Lucio Fulci is a big name in the scary movie world. He's responsible for some genre classics in zombie and Gallio films and worked in many genres over a decades-long career. So, naturally, since I'm talking about him, we'll be looking at one of his flops. Yes, horror fans may sing the praises of Zombi 2 or City of the Living Dead, but there are not a lot of Murder-Rock: Dancing Death stans.
Murder-Rock: Dancing Death – The Film
The movie takes place at the Arts for the Living Center, a dance/ballet school that will be hosting talent scouts looking for dancers for a TV show. Someone is killing dancers at the school, and Candice Norman (Olga Karlatos), a teacher, appears (hint, hint) to be investigating the murders. What follows is an 80s music video masquerading as a movie leading to the shocking twist ending.
Murder-Rock: Dancing Death – The Furs
In terms of fur fashion, the film takes a while to get going, and depending on your definition of “get going,” this probably isn't it. But, consider this all but assuredly spotted faux fur jacket worn by Janice (Carla Buzzanca) to be fully documented. You won't have to worry about Janice much anymore after this scene, anyway.
Finally, Candice gets into the ‘80s spirit with the first of her two big furs of the film, a full-length coat that may be sheared red fox. This first scene in the car is a little tight, but don't worry; we will get a much better look at it soon.
That would be when Candice doggedly continues her investigations by
looking for a patsy to frame *cough* the murderer because of a… dream. The plot of this film is… let's call it “interesting” and move on.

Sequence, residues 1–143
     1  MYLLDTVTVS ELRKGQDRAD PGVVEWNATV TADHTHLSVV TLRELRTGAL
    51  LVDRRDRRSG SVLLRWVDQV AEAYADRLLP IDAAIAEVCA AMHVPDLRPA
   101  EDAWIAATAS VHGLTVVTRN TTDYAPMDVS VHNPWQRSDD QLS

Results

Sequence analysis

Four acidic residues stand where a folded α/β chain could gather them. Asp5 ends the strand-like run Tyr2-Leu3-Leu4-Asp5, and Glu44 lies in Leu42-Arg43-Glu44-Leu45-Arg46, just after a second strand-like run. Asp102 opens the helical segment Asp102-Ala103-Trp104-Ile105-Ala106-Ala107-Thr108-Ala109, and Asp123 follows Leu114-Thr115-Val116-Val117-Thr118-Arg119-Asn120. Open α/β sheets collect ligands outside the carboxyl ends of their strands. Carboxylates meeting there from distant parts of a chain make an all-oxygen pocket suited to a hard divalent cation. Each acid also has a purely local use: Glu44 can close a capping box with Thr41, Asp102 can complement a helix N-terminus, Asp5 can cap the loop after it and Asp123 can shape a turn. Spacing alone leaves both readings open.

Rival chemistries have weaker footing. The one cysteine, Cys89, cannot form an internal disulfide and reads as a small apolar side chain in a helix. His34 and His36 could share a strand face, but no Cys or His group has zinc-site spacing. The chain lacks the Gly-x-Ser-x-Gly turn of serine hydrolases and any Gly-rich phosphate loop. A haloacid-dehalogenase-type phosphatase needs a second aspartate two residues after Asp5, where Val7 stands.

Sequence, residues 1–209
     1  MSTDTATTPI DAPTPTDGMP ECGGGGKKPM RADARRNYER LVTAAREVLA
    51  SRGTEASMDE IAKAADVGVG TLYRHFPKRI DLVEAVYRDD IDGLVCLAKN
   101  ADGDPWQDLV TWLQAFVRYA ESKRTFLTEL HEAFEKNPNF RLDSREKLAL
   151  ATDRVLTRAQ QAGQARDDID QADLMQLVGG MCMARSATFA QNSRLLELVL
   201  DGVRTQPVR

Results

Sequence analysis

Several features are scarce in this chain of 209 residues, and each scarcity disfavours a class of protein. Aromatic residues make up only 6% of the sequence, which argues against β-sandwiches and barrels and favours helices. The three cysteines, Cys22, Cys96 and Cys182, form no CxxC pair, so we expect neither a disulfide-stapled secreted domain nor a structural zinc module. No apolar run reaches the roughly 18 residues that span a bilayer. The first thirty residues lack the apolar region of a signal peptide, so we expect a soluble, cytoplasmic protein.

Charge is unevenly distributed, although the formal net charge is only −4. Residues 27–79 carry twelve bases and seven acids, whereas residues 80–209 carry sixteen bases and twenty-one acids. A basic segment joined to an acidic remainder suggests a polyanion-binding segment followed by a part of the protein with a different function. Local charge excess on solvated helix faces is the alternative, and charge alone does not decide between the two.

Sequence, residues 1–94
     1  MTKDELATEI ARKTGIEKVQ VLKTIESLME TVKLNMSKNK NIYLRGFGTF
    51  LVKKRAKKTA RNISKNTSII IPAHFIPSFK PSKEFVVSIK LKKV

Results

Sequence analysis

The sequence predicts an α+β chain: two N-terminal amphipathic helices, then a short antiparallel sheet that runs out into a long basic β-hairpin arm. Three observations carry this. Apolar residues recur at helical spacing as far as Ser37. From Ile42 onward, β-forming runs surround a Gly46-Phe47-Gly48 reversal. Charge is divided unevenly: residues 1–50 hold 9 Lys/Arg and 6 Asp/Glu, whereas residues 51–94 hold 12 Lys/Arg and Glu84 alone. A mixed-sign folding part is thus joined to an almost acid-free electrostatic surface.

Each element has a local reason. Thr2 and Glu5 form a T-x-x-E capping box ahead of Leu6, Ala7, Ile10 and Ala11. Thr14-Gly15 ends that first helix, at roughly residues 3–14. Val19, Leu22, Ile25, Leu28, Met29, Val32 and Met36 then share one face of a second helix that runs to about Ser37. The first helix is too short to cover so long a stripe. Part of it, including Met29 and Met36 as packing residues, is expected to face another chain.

Fortunately, this sequence gives us an ample amount of the coat.
Between Candice's two big fur fashion moments, we have a very frustratingly short reminder that this is 1984 as Gloria (Belinda Busato) arrives at the studio wearing this full-length dyed fox coat.
It's really the best thing in the film, but it's not on screen for very long. This is most of it. I'm willing to bet this is one of the very few scenes in cinematic history of a woman wearing a full-length fox coat on a bicycle.
This provides ample screen time as Candice runs through the studio with the lights flashing on and off before entering the very blue control room. This is some nice cinematography, I'll give it that.
Spoilers: Candice did it. She's the killer, makes the villain's speech, and then kills herself with her own needle. It is all explained, and if you care, the Wikipedia article has a very detailed summary (Get there quick, it's already got the “too long or excessively detailed” warning slapped on it as of publish).
And that's our October spooky Giallo entry. As alluded to earlier, this is not one of Fulci's more fondly remembered entries. If you're squeamish about blood, then it's an excellent choice to ease into the genre, as the murder weapon (a hairpin) tamps down on the possibility of arterial spray. You still get ample nudity, though. The two big fur scenes are good, and any movie whose extended twist ending involves a fur coat can't be all bad.
Fur Runtime: approx 11.75 minutes
Film Runtime: 88 minutes
On-Screen Fur Ratio: 13%
Find-a-Fur: Murder-Rock: Dancing Death, 1984
(all times are approximate and are affected by the cut of the film)
- 24:25 – 26:00 – faux spots
- 36:30 – 40:40 – sheared red fox? coat
- 43:25 – ”
- 1:11:00 – purple dye fox coat (brief)
- 1:16:13 – white mink stroller
- 1:18:35 – 1:31:15 – ”